By Saeed Shah/Wall Street Journal
Herat, Afghanistan, October 16: Desperate to feed her family, Saleha, a housecleaner here in western Afghanistan, has incurred such an insurmountable debt that the only way she sees out is to hand over her 3-year-old daughter, Najiba, to the man who lent her the money.
The debt is US$ 550.
Saleha, a 40-year-old mother of six who goes by one name, earns 70 cents a day cleaning homes in a wealthier neighborhood of Herat. Her much older husband doesn’t have any work.
Such is the starkness of deepening poverty in Afghanistan, a humanitarian crisis that is worsening fast after the Taliban seized power on Aug. 15, prompting the U.S. to freeze $9 billion in Afghan central-bank assets and causing a halt in most foreign aid.
Already, 95% of Afghans aren’t getting enough to eat, according to the United Nations’ World Food Program, which has warned that “people are being pushed to the brink of survival.” Almost the entire Afghan population of 40 million people could fall below the poverty line in coming months, according to the U.N.
Behind these statistics lie countless personal tragedies of families like Saleha’s. She and her husband used to work on a farm in the western province of Badghis, but two years ago lost that income because of fighting in the area and drought.
So they borrowed money just to get food. Hoping to find employment, they ended up moving to a giant encampment of people displaced from other provinces, known as Shahrak Sabz, in Herat.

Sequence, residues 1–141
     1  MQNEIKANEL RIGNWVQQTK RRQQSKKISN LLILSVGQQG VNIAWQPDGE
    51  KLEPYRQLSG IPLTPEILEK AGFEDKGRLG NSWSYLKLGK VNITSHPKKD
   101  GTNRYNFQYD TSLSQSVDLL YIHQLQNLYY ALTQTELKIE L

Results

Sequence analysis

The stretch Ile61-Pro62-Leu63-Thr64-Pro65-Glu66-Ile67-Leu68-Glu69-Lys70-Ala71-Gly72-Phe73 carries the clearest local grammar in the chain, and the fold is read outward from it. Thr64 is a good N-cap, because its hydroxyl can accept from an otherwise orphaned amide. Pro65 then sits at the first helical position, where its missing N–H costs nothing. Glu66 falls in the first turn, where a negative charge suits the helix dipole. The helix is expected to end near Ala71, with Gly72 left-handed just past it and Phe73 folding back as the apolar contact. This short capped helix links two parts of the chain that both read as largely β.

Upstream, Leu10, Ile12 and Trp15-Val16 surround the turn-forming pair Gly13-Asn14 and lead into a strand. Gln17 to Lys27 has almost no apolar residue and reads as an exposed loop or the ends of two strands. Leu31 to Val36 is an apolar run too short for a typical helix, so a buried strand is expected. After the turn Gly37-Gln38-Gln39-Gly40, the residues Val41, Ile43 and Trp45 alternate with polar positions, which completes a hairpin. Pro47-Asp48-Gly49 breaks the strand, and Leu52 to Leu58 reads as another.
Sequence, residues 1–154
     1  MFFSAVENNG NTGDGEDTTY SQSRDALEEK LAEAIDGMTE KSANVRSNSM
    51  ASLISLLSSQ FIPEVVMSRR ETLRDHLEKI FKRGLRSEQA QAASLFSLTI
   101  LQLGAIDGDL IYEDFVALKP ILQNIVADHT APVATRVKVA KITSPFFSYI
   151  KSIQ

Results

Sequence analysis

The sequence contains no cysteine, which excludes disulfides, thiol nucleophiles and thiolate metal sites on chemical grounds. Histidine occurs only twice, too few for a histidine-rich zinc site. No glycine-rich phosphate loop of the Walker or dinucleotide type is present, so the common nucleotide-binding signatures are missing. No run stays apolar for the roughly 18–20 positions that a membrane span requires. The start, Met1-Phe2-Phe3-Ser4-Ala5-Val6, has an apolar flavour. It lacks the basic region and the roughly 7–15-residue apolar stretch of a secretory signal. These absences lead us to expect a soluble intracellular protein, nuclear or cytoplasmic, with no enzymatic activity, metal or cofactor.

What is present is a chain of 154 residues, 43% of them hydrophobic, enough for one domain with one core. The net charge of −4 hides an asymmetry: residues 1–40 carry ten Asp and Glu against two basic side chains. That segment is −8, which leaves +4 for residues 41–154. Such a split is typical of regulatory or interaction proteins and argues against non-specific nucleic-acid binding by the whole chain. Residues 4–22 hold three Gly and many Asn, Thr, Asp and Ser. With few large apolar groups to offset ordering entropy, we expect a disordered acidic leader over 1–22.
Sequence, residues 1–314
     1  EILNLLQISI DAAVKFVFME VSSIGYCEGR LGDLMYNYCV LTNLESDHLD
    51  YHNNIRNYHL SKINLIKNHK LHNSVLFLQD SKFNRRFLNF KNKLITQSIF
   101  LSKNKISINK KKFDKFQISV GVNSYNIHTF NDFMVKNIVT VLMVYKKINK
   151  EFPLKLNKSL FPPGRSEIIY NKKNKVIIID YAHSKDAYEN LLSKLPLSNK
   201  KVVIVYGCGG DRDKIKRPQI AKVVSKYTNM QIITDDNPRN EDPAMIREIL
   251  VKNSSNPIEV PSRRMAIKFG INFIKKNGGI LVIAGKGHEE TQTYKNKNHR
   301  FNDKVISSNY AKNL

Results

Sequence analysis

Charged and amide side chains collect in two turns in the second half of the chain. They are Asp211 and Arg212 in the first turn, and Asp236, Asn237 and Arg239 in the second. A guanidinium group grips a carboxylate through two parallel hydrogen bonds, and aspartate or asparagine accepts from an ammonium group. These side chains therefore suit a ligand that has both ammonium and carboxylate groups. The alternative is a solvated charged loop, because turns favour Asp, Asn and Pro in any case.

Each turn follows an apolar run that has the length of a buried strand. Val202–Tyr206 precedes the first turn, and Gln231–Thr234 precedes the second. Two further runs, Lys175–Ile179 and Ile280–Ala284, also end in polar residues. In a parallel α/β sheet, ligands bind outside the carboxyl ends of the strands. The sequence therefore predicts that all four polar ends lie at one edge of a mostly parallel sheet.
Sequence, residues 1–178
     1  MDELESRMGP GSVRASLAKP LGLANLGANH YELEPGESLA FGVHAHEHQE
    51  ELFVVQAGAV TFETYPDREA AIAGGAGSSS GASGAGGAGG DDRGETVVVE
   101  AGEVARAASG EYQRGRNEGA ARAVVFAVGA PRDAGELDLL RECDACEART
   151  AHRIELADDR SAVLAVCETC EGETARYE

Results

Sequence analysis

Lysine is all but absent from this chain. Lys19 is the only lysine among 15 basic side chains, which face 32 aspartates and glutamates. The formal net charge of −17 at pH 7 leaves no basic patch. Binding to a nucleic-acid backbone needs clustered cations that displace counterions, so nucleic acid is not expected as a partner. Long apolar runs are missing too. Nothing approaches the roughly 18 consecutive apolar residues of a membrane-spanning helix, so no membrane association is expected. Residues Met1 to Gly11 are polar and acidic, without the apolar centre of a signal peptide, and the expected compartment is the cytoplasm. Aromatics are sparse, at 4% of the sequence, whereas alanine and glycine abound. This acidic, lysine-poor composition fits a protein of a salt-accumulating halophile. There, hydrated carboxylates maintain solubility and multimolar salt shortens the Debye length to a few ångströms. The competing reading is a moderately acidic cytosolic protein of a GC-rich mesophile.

With the financial system and trade paralyzed after the Taliban takeover, prices for basic food items like flour and oil have doubled since mid-August. The lender offered early this month to write off the debt if she hands over her little girl.
They have three months to provide the money. Otherwise, Najiba will be doing household work in the lender’s home and be married off to one of his three sons when she reaches puberty. They are not sure which one. The oldest is now 6.
“If life continues to be this awful, I will kill my children and myself,” said Saleha, speaking in her tiny two-room home. “I don’t even know what we will eat tonight.”
“I will try to find money to save my daughter’s life,” added her husband, Abdul Wahab.
The lender, Khalid Ahmad, confirmed he had made the offer to the couple.
“I also don’t have money. They haven’t paid me back,” said Mr. Ahmad, reached by phone in Badghis. “So there is no option but taking the daughter.”
Following the Taliban takeover, neighboring Pakistan and Iran, where many men from this community used to work as laborers, closed their borders, bracing for a flood of refugees. All that is left as work is collecting plastic bottles and other trash to sell for recycling. Other families in the area have had to surrender children to repay debts, residents say.
Growing destitution could undermine the Taliban’s so-far solid hold on power and serve as a recruiting tool for the local branch of Islamic State, their only significant rival. A Taliban official in the west of the country said that Afghans would have to get used to a meager existence.
“We suffered for 20 years fighting jihad, we lost members of our families, we didn’t have proper food, and in the end, we were rewarded with this government. If people have to struggle for a few months, so what?” said the official. “Popularity is not important for the Taliban.”
Taliban officials have repeatedly said they welcome international aid for Afghanistan but wouldn’t compromise on their Islamic beliefs to secure assistance.
The humanitarian crisis, however, is prompting a debate within the international community over whether to condition foreign assistance on the Taliban moderating their behavior and showing more respect for the rights of women and minorities.